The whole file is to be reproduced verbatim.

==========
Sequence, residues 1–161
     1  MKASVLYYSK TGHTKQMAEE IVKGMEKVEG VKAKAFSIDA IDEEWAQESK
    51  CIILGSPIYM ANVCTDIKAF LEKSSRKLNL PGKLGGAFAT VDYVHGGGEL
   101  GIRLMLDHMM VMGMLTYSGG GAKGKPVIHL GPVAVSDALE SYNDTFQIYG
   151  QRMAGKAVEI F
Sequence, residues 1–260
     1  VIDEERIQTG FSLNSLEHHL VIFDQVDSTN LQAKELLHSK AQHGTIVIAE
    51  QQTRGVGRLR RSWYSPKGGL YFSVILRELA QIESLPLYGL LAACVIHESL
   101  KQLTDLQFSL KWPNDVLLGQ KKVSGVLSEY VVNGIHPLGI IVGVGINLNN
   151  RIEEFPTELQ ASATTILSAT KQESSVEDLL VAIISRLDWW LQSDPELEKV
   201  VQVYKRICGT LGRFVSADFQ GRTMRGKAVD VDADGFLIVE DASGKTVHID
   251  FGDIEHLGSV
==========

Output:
Sequence, residues 1–161
     1  MKASVLYYSK TGHTKQMAEE IVKGMEKVEG VKAKAFSIDA IDEEWAQESK
    51  CIILGSPIYM ANVCTDIKAF LEKSSRKLNL PGKLGGAFAT VDYVHGGGEL
   101  GIRLMLDHMM VMGMLTYSGG GAKGKPVIHL GPVAVSDALE SYNDTFQIYG
   151  QRMAGKAVEI F
Sequence, residues 1–260
     1  VIDEERIQTG FSLNSLEHHL VIFDQVDSTN LQAKELLHSK AQHGTIVIAE
    51  QQTRGVGRLR RSWYSPKGGL YFSVILRELA QIESLPLYGL LAACVIHESL
   101  KQLTDLQFSL KWPNDVLLGQ KKVSGVLSEY VVNGIHPLGI IVGVGINLNN
   151  RIEEFPTELQ ASATTILSAT KQESSVEDLL VAIISRLDWW LQSDPELEKV
   201  VQVYKRICGT LGRFVSADFQ GRTMRGKAVD VDADGFLIVE DASGKTVHID
   251  FGDIEHLGSV